Tips for Writing Your Best Personal Statement

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Whether you’re extremely proud of your LSAT score and GPA or hoping they fade into the background of the rest of your application, you and I both know you’re much more than those two numbers. Your resume, your diversity statement, your addendum—they all come together to help the admissions committee get an idea of the person behind the numbers. But, in the pile of applications from students with similar credentials and lots to offer, nothing makes someone stand out like a memorable, well-written, honest, thoughtful, 100%-you personal statement. The tips below will help you transform your brainstorms into a personal statement that will make law schools confident that you will succeed in the classroom and in your legal career.

  1. The personal statement is personal. Be completely yourself.

Law schools ask for personal statements to get to know you, so give them what they want. A seasoned admissions officer can spot a failed impersonation a mile away—whether it’s the intro of one of the “50 Personal Statements that Got People Accepted at X Law School” [see this post: Why I Hate Personal Statement Examples and Why You Should Too”] or a bad Emerson impression. So, write in your own voice, with all its distinctive (but grammatical) qualities. And never tone yourself down. A blog-reader once asked if she should refrain from mentioning she’s gay when applying to Southern law schools. My answer: of course not! Why on earth would you hide yourself? If a law school doesn’t like who you are or what you believe, then you probably wouldn’t enjoy spending three years of your life there anyway.

  1. Be honest and sincere when choosing a topic, but keep it positive.

Keeping Tip #1 in mind, you—not your parents, friends, or college professors—are the best person to decide what the “right” topic for you is. Pick a topic that’s meaningful to you so that you can write about it in an insightful way. There are, however, a few topic areas I would warn you to stay away from:

  • Anything that could have been (or actually was) your college personal statement – Law schools are looking for maturity and professionalism so your focus should be on more recent accomplishments.
  • High school-related anecdotes – These could also give the admissions committee the idea that you’re immature or that you failed to bloom once out of the constant watch of your parents.
  • The injured athlete sob story, the study abroad revelation, the “poverty is real” epiphany, and the headline you read but didn’t actually experience yourself –These topics are overused and they can make you seem either naïve about the world or disingenuous. It’s best to use one of your other inspired ideas instead! Remember that you don’t have to be unique or stand-out; you should strive instead to be sincere and authentic.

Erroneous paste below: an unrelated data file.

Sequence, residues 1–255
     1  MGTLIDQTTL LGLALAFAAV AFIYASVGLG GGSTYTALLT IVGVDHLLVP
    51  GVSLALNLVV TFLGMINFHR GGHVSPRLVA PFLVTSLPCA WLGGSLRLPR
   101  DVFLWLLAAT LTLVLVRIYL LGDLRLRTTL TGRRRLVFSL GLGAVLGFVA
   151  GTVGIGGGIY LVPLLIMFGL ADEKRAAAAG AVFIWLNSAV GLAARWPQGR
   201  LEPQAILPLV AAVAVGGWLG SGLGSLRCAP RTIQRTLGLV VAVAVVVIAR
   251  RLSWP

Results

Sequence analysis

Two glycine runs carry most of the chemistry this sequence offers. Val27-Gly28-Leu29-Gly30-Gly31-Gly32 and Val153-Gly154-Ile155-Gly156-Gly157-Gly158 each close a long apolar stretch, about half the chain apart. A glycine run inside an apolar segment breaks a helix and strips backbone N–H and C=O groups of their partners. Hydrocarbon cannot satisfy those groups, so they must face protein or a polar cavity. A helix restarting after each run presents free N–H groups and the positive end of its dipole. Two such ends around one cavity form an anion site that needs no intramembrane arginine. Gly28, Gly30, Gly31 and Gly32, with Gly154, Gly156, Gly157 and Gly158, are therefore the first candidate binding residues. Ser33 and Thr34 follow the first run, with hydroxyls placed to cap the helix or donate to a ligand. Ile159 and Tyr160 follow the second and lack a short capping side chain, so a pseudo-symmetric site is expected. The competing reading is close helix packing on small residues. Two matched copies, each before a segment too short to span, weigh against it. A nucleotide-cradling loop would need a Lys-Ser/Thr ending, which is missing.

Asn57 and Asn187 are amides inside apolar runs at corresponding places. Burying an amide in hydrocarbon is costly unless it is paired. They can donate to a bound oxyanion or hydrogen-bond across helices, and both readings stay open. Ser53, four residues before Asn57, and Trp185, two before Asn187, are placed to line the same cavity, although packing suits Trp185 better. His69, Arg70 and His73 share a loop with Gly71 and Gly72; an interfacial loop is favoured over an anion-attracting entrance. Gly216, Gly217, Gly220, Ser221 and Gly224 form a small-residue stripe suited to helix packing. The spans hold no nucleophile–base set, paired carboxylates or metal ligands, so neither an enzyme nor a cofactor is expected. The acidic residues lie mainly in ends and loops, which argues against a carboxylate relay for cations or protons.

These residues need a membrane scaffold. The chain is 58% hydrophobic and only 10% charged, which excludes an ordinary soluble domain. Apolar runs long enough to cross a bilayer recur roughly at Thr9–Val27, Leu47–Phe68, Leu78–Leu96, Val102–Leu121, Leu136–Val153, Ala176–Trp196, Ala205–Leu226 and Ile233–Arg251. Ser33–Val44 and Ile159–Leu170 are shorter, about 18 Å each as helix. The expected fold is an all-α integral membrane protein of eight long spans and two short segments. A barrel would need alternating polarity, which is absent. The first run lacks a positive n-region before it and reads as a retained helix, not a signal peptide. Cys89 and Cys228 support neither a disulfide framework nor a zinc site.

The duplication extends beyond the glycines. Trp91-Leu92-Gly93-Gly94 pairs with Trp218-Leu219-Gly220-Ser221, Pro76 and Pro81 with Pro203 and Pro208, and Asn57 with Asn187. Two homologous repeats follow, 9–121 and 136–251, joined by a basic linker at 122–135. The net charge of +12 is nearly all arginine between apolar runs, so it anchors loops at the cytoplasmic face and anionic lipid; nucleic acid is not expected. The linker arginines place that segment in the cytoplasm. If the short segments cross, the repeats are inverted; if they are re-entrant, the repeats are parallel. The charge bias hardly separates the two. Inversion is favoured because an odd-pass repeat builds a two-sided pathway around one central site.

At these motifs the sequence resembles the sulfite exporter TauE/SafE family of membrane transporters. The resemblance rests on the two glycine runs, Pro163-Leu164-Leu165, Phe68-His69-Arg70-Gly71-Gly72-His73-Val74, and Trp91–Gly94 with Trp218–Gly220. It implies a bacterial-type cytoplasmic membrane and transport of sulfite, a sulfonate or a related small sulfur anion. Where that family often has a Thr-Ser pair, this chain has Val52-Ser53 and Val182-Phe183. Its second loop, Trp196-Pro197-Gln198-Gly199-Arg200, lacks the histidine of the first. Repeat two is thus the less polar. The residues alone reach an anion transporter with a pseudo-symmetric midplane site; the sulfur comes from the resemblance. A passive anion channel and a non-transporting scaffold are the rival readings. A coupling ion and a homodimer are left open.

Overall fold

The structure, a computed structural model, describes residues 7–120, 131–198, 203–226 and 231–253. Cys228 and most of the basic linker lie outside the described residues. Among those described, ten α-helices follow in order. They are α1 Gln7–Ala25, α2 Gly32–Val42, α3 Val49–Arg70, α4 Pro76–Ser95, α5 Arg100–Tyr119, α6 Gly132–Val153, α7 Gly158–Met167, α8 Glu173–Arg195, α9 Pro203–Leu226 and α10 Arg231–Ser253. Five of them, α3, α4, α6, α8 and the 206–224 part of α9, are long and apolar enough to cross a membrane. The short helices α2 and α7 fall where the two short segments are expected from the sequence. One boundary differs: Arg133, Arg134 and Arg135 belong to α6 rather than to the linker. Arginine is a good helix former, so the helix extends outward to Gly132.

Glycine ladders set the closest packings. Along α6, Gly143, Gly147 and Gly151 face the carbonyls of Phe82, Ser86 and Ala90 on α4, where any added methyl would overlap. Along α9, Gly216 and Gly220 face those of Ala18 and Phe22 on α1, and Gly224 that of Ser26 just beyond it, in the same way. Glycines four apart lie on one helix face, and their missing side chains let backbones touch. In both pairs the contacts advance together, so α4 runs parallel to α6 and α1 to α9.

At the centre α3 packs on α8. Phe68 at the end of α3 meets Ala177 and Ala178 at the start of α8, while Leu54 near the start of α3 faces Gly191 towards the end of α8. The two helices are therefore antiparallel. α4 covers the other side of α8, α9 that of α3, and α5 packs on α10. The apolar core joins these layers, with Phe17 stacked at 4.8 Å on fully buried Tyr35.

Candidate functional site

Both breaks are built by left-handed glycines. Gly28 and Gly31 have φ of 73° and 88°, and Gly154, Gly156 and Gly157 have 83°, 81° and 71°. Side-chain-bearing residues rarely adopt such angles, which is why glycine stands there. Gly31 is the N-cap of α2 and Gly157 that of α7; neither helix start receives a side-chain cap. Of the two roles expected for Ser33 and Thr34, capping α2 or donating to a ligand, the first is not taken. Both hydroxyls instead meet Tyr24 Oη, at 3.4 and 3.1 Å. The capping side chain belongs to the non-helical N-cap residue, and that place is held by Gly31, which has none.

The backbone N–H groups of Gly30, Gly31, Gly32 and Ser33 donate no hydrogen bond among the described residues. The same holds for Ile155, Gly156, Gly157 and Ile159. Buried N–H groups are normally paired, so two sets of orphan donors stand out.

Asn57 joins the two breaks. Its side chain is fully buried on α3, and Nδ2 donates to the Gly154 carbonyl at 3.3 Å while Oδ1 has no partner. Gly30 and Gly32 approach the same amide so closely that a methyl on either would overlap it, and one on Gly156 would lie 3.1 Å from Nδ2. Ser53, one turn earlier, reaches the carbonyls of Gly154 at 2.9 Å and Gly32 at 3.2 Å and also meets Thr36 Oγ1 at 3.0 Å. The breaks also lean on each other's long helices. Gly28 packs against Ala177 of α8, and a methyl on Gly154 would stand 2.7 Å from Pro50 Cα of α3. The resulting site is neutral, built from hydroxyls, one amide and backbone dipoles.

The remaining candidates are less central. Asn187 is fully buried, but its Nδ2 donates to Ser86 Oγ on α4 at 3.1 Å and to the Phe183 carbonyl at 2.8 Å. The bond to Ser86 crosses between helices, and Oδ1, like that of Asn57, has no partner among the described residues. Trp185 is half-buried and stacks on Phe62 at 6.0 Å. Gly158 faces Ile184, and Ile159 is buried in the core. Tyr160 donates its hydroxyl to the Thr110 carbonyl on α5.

Even with these few off-limits topics, the possibilities for your personal statement are endless. But sincerity and honesty are key. Don’t try to blow your one day of volunteering or single trip abroad out of proportion and into a life-changing experience. You won’t be able to write about it convincingly, and the admissions committee will sense that.

Finally, framing is essential when approaching your topic. Remember who your audience is and that you’re trying to win them over. For example, if you’re telling an emotionally charged story in your personal statement, you might try sticking to the facts to gain credibility with your readers and avoid seeming overly dramatic. One of the most common mistakes I notice with respect to framing is leaving something negative unresolved on the page. By all means, tell the story of your grades dropping freshman year while you struggled to support your child as a single parent. But you cannot leave it at that: explain how caring for a baby in college motivated you to work harder in school and pursue a career in child advocacy. Resolve any negatives by ending on a positive note about your future in law school, and never leave the admissions committee in doubt of your potential for success.

Read More at “Winning Personal Statement Topics for Law School

  1. Do your best writing.

This tip should be obvious, but people seem to forget a lot of their good writing habits as soon as they’re asked to write about themselves. So, avoid clichés like the plague (which is a perfect example of a cliché to avoid!). Don’t overuse passive voice. Stay away from the six most cringe-worthy words/phrases an admissions officer can read: “personally,” “in conclusion,” “I believe,” “unique,” “firsthand experience,” and “worldview.” For reasons why to avoid these words, read this post.

Write simply and clearly, which means refraining from waxing poetic or trying to sound like a lawyer (which, believe me, will not go over well) or using ten big words when three smaller words will do. And please, please, please leave time to edit and proofread!

The last thing to stress is something I’m sure many writing teachers have told you over the years: show, don’t tell. Instead of stating “My strong work ethic has helped me succeed”—which doesn’t give the admissions committee any real information about you—explain how you took 16-credit hours each semester while working two part-time jobs. The very best personal statements will make a reader believe what you believe about yourself without ever directly telling her what to believe. If you provide a persuasive narrative and convincing facts, the reader will reach the conclusion you want her to reach.